mr shuffles the remaining array
0= takes the first element

In a future CJam version this program will be 2 bytes shorter :)


C 67

int C(int a,int b){int c=0;while(c!=a&&c!=b)c=rand()%3+1;return c;}

JS, 35

inspired by Brandon Anzaldi's answer

A=1; // init
B=3; // init
do{C=1+new Date%3}while(C==A||C==B) // 35b

Julia, 32 or 56 depending on the rules

julia> r()=rand(1:3);f(x...)=(i=r();i in x?f(x...):i)
julia> f(r(),r())

32 if I don't need to generate a and b.

  • \$\begingroup\$ The question says "assume A and B have already been chosen for you". \$\endgroup\$ – nyuszika7h Jul 6 '14 at 14:20

JS, 43

for(C=0;~[0,A,B].indexOf(C);)C=1+new Date%3
  • \$\begingroup\$ Won't run. You might want to define A and B first. \$\endgroup\$ – Spedwards Jul 6 '14 at 7:34
  • \$\begingroup\$ well, the question says: "Assume A and B have already been chosen for you". So you should run "A=1+new Date%3;B=1+new Date%3" first. \$\endgroup\$ – xem Jul 6 '14 at 7:54


Lbl 1:If C=A+B=A:Goto 1
  • \$\begingroup\$ Does not work due to order of operations; additionally you never actually generated the random number. \$\endgroup\$ – lirtosiast May 20 '15 at 1:11

Java - 126 123 83 85 (using the clever c=6-a-b)

int c;if(a==b){int r=(int)(Math.random()*2);c=a==1?r+2:a==2?2*r+1:r+1;}else{c=6-a-b;}

Full version:

public void test(int a, int b) {
    int c;
    if (a == b) {
        // Random 0 or 1.
        int r = (int)Math.random()*2;
        c = // 1 -> 2 or 3
                a == 1 ? r + 2
                // 2 -> 1 or 3
                : a == 2 ? 2 * r + 1
                // 3 -> 1 or 2
                : r + 1;
    } else {
        // Whichever is not taken.
        //int[][] r = {{0, 3, 2}, {3, 0, 1}, {2, 1, 0}};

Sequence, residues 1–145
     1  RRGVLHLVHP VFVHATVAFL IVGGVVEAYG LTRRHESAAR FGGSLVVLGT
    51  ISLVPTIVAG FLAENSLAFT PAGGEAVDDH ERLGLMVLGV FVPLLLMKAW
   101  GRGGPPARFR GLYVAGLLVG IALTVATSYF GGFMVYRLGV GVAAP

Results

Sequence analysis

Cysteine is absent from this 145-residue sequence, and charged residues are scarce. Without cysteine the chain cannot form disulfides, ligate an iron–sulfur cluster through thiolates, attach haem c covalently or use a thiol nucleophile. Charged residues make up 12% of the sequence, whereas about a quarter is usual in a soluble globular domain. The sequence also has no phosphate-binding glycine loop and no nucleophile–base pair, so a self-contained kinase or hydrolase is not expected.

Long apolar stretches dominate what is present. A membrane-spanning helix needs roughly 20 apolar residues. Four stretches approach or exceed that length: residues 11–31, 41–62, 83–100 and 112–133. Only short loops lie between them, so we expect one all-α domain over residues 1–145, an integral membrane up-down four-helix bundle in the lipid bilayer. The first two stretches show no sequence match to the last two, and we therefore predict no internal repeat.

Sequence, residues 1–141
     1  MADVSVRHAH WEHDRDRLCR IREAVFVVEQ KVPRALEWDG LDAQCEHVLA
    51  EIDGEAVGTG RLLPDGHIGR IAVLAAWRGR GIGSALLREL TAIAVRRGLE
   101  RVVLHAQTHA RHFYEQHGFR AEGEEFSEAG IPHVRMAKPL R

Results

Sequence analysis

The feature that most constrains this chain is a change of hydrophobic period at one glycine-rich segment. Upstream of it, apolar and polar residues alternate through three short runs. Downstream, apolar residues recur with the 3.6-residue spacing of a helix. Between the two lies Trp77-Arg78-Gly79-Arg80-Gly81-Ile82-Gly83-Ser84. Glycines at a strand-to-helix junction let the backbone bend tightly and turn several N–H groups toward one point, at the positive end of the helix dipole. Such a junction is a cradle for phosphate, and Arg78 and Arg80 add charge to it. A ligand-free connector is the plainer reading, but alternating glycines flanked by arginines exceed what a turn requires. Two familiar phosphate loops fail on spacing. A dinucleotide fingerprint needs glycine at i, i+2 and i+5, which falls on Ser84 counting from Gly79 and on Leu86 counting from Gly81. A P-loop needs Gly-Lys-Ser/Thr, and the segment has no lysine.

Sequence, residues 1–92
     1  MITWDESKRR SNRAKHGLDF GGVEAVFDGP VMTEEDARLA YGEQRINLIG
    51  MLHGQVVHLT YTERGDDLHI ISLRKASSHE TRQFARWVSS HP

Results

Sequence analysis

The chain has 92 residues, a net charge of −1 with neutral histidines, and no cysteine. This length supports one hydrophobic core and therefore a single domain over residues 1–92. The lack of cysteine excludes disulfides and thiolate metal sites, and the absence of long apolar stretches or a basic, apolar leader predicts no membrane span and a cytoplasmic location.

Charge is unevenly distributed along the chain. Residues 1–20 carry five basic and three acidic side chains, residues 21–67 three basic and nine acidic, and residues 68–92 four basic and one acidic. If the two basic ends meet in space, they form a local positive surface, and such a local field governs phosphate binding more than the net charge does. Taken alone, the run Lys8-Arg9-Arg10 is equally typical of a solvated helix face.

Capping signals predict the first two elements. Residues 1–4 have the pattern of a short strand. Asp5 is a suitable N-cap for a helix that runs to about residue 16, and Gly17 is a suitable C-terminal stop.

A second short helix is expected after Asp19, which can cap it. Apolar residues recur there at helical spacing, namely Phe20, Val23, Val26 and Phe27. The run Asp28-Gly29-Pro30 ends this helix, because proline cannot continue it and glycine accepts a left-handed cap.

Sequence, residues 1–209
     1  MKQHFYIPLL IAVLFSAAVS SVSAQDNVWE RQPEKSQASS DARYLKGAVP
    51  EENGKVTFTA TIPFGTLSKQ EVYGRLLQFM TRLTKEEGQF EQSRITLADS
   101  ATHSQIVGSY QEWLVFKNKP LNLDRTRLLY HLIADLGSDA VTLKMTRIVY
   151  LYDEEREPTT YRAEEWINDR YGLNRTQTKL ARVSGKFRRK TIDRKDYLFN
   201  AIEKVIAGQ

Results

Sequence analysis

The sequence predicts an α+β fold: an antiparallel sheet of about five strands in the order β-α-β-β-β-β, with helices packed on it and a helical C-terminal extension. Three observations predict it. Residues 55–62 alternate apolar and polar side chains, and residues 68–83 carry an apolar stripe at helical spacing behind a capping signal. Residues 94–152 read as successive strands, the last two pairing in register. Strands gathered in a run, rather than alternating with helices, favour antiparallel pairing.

//c = r[a - 1][b - 1];
        // Using @steveverrill's clever
        c = 6 - a - b;
    System.out.println("a=" + a + " b=" + b + " c=" + c);
  • \$\begingroup\$ But 6-a-b is not random, is it? :) \$\endgroup\$ – xem Jul 6 '14 at 8:02
  • 1
    \$\begingroup\$ @xem - No - but it only uses 6-a-b when there is no other choice, both the other two are taken. It is a clever way of picking the unselected number from 1, 2, 3. 6-1-2 = 3, 6-1-3=2, 6-2-3=1 so for each non-equal a,b 6-a-b picks the third one. Clever eh? The only time you can use random is when a==b. \$\endgroup\$ – OldCurmudgeon Jul 6 '14 at 19:34
  • \$\begingroup\$ oh, great. good job then. \$\endgroup\$ – xem Jul 7 '14 at 7:38

R, 24 characters

Initialize with

a = sample(1:3,1)
b = sample(1:3,1)



Or just n=1:3;n[!n%in%c(a,b)] but then you return both numbers.


R, 31 characters


If you do sample(x) in R, then it is interpreted as a random sample from 1:x. Repeating the vector (1:3)[-c(A,B)] twice is one way of stopping this from happening.


Javascript - 76

  • 1
    \$\begingroup\$ Math.floor can be replaced by ~~. You could also say r=(y,z)=>y+New Date(z-y). Also, A and B are not meant to be equal, and you don't have to count their initialization in your score. \$\endgroup\$ – xem Jul 6 '14 at 8:00
  • \$\begingroup\$ @xem A and B are meant to be random. The rules say that they can be equal. Also, not sure about ES6 but y+New Date(z-y) is a SyntaxError \$\endgroup\$ – Spedwards Jul 6 '14 at 8:33
  • \$\begingroup\$ @xem y+new Date(z-y) on the other hand reports new Date() string with y appended. \$\endgroup\$ – Spedwards Jul 6 '14 at 8:35
  • \$\begingroup\$ sorry for the typo, I meant y+new Date%(z-y) ... or (z-y+1) depending on the params. \$\endgroup\$ – xem Jul 6 '14 at 9:52